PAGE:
Being a dietitian, blogger and food lover, I often get asked these questions:
- Do you like to cook?
- How often do you cook?
- Do you cook every day?
- Do you cook like this all the time? (That’s when I have people over, and it always makes me giggle because my dishes are really not that fancy!)
Often, I feel the burden people attach to cooking. Couples shoving the food-making responsibility on each other; moms complaining of how much time and effort it takes to cook; oh, and my favorite, people with an attitude thinking that they’re better than spending time in the kitchen — “I don’t waste my time cooking.”
Are you saying I waste my time cooking? I’m glad I don’t take things personally!
Cooking Is a Chore
Most people view cooking as a chore, just like other never-ending housework, a burden that takes them away from other priorities in their life — whatever they may be. Regardless of our life situations, from full-time workers, to stay-at-home moms, to single parents, to college students, we’re all busy. But why do we complain about cooking so much?
Take showering for example. We don’t think twice about the act of washing and cleaning our bodies from the outside. Why is spending 30 minutes three times a week to make food at home, which helps us clean our bodies from the inside, so demanding?
What a chore!
While some have an attitude problem with cooking, I truly believe that many people just don’t know how to cook. They’ve never practiced, never seen a parent chop an onion, or think that cooking means fancy expensive tools and ingredients. Some may have given it a stab, didn’t get a result they wanted, and were quick to label themselves as “bad cooks.” Some think cooking takes a long time — and it doesn’t have to. Others have seen their parents and grandparents whip up amazing meals that took a whole day to prepare, and that’s a no-no in our busy fast-paced lives.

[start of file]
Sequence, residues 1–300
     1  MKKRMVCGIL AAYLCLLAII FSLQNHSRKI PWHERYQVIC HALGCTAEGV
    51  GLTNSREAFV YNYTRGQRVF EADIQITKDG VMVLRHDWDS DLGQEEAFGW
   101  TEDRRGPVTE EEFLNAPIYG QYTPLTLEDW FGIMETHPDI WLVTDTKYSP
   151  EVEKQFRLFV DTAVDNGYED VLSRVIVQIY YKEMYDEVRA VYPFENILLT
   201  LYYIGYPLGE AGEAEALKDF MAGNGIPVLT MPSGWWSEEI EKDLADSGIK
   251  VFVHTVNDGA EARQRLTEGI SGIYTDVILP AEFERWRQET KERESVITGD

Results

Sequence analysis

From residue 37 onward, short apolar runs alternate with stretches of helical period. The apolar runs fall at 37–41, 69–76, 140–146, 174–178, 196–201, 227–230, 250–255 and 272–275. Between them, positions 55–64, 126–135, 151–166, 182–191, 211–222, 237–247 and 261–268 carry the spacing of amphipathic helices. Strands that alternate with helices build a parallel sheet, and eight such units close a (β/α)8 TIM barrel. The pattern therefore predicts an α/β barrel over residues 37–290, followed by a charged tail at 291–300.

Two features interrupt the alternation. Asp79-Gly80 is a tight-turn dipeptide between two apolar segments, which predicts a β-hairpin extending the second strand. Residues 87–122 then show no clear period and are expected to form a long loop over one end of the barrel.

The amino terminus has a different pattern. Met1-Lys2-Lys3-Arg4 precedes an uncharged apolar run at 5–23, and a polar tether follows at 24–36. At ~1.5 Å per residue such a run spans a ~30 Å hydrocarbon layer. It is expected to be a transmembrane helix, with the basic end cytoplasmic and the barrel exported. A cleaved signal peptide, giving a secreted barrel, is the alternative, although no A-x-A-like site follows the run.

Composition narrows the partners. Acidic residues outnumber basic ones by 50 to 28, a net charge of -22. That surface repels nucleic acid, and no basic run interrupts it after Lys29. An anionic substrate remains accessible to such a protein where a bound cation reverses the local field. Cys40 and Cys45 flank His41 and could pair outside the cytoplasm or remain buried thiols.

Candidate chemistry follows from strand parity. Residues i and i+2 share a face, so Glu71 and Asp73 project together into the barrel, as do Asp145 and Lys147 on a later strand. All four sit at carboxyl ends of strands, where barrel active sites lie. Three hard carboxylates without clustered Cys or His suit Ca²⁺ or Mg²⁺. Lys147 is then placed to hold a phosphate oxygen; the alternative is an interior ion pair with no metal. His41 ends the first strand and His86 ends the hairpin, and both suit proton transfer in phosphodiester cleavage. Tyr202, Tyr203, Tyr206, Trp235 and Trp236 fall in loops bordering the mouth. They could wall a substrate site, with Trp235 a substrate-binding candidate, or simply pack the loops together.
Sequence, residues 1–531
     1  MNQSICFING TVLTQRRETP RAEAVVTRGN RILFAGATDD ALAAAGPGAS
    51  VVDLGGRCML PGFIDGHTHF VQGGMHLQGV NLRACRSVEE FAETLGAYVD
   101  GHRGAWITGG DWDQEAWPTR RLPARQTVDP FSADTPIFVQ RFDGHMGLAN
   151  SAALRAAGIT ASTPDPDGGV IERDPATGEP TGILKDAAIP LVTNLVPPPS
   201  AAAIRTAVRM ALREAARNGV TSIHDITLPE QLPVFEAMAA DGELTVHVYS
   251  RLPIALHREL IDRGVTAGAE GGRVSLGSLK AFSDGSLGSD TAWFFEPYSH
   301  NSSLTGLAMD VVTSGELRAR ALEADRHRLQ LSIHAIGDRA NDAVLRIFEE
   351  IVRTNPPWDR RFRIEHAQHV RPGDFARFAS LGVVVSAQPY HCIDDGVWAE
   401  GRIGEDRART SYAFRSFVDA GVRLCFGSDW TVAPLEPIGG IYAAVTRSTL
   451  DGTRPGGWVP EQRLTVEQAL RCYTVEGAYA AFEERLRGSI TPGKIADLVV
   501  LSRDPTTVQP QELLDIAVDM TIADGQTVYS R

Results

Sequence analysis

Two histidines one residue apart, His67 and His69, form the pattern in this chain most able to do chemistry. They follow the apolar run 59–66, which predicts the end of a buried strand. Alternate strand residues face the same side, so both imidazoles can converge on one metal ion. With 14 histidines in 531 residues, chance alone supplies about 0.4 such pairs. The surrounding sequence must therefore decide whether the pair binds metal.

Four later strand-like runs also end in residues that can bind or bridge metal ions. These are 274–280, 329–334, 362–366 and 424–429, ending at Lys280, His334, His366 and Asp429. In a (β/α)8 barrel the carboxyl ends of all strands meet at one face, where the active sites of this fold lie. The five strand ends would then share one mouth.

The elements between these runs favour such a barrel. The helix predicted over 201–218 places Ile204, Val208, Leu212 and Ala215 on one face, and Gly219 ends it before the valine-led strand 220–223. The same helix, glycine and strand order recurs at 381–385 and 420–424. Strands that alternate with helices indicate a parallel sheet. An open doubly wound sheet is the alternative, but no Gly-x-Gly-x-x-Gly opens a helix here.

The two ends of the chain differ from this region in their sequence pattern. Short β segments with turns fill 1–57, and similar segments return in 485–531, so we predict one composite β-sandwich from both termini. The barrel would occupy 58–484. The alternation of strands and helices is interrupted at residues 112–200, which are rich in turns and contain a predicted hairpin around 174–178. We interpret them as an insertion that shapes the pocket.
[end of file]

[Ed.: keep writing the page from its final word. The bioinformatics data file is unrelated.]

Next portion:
But I Can Eat Out
Bring restaurants to the picture and you’ve lost cooking enthusiasm to convenient, at-every-other-corner establishments. Weighted down in the comfort of your warm car seat, you can pay few dollars and get a hot, smelly thing to eat, overloading your taste buds with salt, fat and sugar. Mmm, now that’s appetizing!
And upscale sit-down restaurants are not that much better. Chefs, even the most health-conscious ones, aren’t in the business of health. They’re in the business of making dishes that people will like so they come back over and over. That often means too much butter, oil, salt and sugar. Then there’s the problem with huge portions. Business again. You’ll go back to a restaurant that served you a large meal. You’ll tell your friends to go there because it’s such a good deal — just not for your waistline, unless you’re packing half of it for the next day. Large portions mean more business. Those of you who never returned to a restaurant because it served nutritiously sensible tiny portions, you know who you are!
I started writing this post last night then put it aside to join other dietitians for a Twitter chat. The topic was clean eating — talk about a buzzword — and the chat was highlighting a dietitian and chef colleague of mine, Michelle Dudash, who has a book, Clean Eating for Busy Families.
When asked about our definition of clean eating, almost everyone said cooking at home.
Cooking is not a chore. It’s something you do take care of yourself. It’s gift to yourself and to those who share a life with you. You don’t have to be an iron chef, Julia Child, or have your own cooking show. Cooking doesn’t have to mean making gnocchi or flambe or homemade pasta from scratch.
My clients who see me for IBS, migraines, fibromyalgia and food sensitivities learn to cook at home. They need to know what’s in their food and control what goes inside their bodies to relieve their symptoms and live without their pain. Many don’t know how to cook or where to start, but after we work together to develop meals, and once they learn simple recipes and techniques, they love it. They feel much more empowered, healthier, and move lively.
Embrace cooking. Learn basic skills. Equip your kitchen with basic tools and ingredients. Look for easy recipes with ingredients that you like. Put some music on. And have fun!